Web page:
I received a very detailed e-mail this week from a lady who was walking in a dark, rural area and was almost hit by a car as she crossed the highway after taking care to yield to traffic.
She is also curious to find out if she was to blame for the situation.
There is no indication of what she might or might not have done to identify herself to approaching drivers. In the absence of street lighting, light clothing, reflectors, arm bands, flashlights or wands can be very useful to establish a presence. Drivers cannot react to things that they do not see or see soon enough to avoid.
Pedestrians tend to overestimate how visible they are to drivers.
On the other side of the windshield, drivers must always be attentive for both the expected and the unexpected, including yielding to pedestrians that don’t have the opportunity to cross in well-lit intersections with marked crosswalks. The law imposes a duty not to collide with a pedestrian on a highway and to warn the pedestrian by using the horn if necessary.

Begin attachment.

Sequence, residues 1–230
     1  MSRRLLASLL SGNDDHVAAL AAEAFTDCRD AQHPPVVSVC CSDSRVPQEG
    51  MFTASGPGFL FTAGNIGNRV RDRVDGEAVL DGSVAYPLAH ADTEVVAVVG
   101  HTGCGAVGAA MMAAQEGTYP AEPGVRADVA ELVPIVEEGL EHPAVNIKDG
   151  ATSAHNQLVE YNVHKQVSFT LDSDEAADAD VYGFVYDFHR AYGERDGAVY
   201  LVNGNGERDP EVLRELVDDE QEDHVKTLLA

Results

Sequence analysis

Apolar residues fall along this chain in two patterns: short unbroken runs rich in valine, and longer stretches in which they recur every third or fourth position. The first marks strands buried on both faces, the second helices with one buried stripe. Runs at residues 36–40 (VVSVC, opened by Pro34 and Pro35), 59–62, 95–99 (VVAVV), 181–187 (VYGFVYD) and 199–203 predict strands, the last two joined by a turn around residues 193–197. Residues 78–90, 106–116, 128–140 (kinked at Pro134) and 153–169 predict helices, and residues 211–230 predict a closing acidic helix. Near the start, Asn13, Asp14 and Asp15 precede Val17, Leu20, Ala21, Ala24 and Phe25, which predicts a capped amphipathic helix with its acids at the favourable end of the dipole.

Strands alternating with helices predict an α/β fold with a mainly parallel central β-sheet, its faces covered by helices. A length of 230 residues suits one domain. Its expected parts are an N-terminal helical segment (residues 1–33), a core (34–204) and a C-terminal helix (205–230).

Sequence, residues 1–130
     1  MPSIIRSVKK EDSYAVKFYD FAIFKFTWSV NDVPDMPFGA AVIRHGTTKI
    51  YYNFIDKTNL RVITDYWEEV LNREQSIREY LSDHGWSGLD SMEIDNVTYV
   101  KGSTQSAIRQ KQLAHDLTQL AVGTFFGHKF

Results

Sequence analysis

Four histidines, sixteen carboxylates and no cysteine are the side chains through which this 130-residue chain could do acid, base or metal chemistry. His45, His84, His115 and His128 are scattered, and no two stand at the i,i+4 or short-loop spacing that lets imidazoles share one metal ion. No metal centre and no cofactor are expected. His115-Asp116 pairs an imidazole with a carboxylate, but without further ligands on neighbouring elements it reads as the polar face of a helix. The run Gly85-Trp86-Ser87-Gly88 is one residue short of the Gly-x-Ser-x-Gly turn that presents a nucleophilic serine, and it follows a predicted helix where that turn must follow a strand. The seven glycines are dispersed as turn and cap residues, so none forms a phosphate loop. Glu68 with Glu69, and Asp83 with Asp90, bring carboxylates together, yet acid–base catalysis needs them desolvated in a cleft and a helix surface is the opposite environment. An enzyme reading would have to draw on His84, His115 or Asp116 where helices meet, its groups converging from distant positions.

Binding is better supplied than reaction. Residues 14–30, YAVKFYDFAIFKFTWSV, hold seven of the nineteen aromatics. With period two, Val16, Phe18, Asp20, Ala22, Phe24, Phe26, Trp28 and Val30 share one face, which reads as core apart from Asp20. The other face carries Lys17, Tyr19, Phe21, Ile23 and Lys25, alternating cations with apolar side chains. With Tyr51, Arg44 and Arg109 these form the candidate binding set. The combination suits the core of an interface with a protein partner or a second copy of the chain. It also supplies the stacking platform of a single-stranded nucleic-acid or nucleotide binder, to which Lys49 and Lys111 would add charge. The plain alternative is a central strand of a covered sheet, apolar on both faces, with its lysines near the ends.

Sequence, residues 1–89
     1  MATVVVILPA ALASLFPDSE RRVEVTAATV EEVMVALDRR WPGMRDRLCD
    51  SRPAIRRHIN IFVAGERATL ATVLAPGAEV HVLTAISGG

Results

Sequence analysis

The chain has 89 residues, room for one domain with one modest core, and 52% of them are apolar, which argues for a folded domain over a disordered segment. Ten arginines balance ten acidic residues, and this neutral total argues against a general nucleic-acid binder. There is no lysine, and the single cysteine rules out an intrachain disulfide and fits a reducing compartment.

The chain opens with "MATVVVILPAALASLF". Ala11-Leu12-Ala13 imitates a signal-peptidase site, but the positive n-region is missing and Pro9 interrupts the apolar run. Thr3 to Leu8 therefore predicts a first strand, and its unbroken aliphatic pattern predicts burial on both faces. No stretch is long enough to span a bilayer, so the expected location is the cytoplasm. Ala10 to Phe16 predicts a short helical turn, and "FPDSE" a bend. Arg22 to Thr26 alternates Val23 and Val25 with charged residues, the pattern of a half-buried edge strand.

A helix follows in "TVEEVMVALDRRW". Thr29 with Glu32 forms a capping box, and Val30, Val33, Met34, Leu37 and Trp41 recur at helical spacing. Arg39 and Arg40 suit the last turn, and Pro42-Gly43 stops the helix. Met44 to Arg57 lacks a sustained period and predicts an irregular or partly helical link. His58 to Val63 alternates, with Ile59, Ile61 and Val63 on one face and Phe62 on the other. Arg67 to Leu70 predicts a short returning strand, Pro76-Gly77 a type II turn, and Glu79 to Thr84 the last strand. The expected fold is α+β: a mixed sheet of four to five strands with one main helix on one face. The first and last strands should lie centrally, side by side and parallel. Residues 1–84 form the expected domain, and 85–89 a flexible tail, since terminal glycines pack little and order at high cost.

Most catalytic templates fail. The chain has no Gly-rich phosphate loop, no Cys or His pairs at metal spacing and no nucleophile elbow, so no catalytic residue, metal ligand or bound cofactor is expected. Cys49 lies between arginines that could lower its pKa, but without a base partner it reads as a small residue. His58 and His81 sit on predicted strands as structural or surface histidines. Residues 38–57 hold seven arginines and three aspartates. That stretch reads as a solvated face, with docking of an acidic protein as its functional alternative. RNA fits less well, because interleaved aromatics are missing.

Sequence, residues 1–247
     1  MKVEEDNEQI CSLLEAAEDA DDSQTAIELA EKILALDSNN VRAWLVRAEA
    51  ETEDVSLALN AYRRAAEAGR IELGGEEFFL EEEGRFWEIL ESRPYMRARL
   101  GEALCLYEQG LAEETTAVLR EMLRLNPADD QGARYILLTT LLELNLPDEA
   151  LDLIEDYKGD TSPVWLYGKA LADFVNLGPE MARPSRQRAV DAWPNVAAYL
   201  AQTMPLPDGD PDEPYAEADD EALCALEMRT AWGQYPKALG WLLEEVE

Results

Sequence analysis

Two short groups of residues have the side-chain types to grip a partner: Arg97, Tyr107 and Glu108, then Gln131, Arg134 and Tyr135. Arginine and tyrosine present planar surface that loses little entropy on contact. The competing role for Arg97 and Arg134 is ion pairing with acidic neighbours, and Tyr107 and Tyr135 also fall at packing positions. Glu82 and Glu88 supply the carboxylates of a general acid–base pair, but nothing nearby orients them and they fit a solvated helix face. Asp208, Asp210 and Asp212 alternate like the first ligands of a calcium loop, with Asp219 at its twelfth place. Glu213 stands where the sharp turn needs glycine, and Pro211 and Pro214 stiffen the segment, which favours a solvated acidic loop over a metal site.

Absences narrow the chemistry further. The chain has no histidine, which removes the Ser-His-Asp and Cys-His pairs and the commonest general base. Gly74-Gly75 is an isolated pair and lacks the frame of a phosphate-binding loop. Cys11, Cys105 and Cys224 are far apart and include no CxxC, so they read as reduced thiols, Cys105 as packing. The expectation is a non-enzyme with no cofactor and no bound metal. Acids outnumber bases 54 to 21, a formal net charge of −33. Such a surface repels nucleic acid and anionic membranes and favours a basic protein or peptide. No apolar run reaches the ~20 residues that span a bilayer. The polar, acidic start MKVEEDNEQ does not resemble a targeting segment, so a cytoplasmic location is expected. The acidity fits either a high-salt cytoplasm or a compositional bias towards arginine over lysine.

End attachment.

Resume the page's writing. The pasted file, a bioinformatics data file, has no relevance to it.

This story serves to underline that interactions between pedestrians and drivers are co-operative in nature. The highways are not for the exclusive use of one over the other.
Tim Schewe is a retired constable with many years of traffic law enforcement. To comment or learn more, please visit DriveSmartBC.ca